On more than one occasion, a military service member or veteran has asked me why they should go to college. My response has basically been the same over my 11 years of working with military-connected students and highlights these main points. I would always discuss with them:
- ...the value of earning a degree and what it means to their future earning potential.
- ...the need for lifelong learning and how a college education will help to broaden their perspective on life.
- ...that a degree will allow them to be more competitive in the civilian workforce when applying for their first civilian job.
Then it occurred to me, there is a different, even more compelling, reason why they should go to college.
Why should you go to college after you leave the service? Here’s why: We, the people of the United States, are investing in you, the military veteran! That’s right, your military educational benefits, GI Bill benefits, Post 9/11 GI Bill benefits, whatever you want to call them, are actually an investment into your future — and it is a sizable investment.
Consider, if you will, the Post 9/11 GI Bill Educational Benefit. This educational benefit program funds a veteran's college education for 36 months (this equates to four years, at nine months per year in a traditional two semester academic year). The type of college to which a veteran transitions will determine the total value of the investment.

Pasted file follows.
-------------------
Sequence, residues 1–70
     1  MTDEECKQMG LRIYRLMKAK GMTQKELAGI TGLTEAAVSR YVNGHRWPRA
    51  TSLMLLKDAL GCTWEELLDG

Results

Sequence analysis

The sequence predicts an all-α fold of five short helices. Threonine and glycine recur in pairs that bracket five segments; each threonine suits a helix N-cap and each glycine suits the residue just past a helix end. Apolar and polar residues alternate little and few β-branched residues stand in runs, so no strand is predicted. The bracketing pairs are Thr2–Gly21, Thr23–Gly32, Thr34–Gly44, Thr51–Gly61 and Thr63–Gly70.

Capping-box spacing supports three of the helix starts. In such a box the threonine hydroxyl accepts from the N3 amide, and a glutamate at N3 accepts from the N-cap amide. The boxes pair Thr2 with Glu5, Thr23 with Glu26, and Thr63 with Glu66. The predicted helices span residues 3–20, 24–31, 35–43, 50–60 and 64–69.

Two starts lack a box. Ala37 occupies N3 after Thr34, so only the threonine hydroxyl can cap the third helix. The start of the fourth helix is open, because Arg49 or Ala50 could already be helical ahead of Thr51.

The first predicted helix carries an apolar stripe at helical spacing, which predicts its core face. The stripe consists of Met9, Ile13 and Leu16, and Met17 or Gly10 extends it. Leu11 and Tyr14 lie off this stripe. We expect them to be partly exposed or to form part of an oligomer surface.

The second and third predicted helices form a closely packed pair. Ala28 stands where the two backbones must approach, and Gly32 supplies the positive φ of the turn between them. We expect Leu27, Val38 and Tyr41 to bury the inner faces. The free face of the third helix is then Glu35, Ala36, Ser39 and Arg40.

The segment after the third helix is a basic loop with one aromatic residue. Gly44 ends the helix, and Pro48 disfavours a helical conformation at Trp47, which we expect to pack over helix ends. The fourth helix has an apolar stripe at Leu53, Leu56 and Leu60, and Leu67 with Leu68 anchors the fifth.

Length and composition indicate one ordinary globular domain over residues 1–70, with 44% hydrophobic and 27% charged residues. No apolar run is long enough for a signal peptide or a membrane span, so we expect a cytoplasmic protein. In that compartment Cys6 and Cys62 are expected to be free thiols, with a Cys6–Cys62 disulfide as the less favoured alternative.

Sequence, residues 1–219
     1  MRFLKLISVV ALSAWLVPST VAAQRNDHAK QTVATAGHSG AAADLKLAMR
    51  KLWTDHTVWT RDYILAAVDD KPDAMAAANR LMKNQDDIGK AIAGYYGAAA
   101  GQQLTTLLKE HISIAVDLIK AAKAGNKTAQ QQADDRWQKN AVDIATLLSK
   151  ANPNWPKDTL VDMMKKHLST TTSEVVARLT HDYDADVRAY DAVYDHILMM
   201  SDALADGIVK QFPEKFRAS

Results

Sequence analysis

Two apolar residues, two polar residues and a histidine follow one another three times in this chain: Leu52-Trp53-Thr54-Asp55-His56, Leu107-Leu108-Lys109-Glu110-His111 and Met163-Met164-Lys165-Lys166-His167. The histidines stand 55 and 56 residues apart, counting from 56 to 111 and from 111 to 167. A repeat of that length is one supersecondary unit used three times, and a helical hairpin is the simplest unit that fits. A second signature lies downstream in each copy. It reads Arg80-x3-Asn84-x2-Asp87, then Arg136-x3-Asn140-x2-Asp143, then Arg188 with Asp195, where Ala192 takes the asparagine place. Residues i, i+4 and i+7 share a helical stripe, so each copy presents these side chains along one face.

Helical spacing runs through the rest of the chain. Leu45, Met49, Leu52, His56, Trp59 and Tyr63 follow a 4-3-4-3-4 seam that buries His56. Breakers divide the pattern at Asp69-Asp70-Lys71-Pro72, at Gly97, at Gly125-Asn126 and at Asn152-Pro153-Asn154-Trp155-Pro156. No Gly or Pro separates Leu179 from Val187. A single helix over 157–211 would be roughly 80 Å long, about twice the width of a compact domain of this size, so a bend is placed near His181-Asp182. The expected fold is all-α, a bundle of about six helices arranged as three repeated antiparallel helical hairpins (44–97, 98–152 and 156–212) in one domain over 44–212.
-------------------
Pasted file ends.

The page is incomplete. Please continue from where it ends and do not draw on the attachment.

Let’s explore how this could look in a real-world scenario. Consider a veteran making the transition to a private, nonprofit institution in the Northeast that is eligible to receive 100 percent of the Post 9/11 GI Bill, and the college they are attending is also a full partner in the Yellow Ribbon Program of the Post 9/11 GI Bill. This particular veteran in transition would receive approximately $167,922 as an investment into their future. That's right, $167,922! That is some investment. The amount they receive is a combination veteran educational benefits paid directly to the institution in the form of tuition and fees, plus a monthly housing allowance and book stipend paid directly to the veteran during the actual months they are enrolled in classes.
If you consider that the average college graduate in 2016 has $37,132 in student loan debt, the investment military students receive in the form of the Post 9/11 GI Bill Educational Benefit may allow them to have little or no student loan debt (depending on the college and program they study). Plus, factor in the Bureau of Labor Statistics data showing a college graduate earns more than two times more than someone with only a high school diploma, then the answer to the question why you should go to college becomes quite clear.
The challenge for the transitioning military veteran is finding the right school and the right program to study. Our Career Boot Camp series can help you find the right school and program for you to maximize the sizeable investment our nation is making for your future.
Explore our online degree programs, or fill out the "Request Info" form on this page to learn about the Johnson & Wales University College of Online Education and making the most of your military benefits.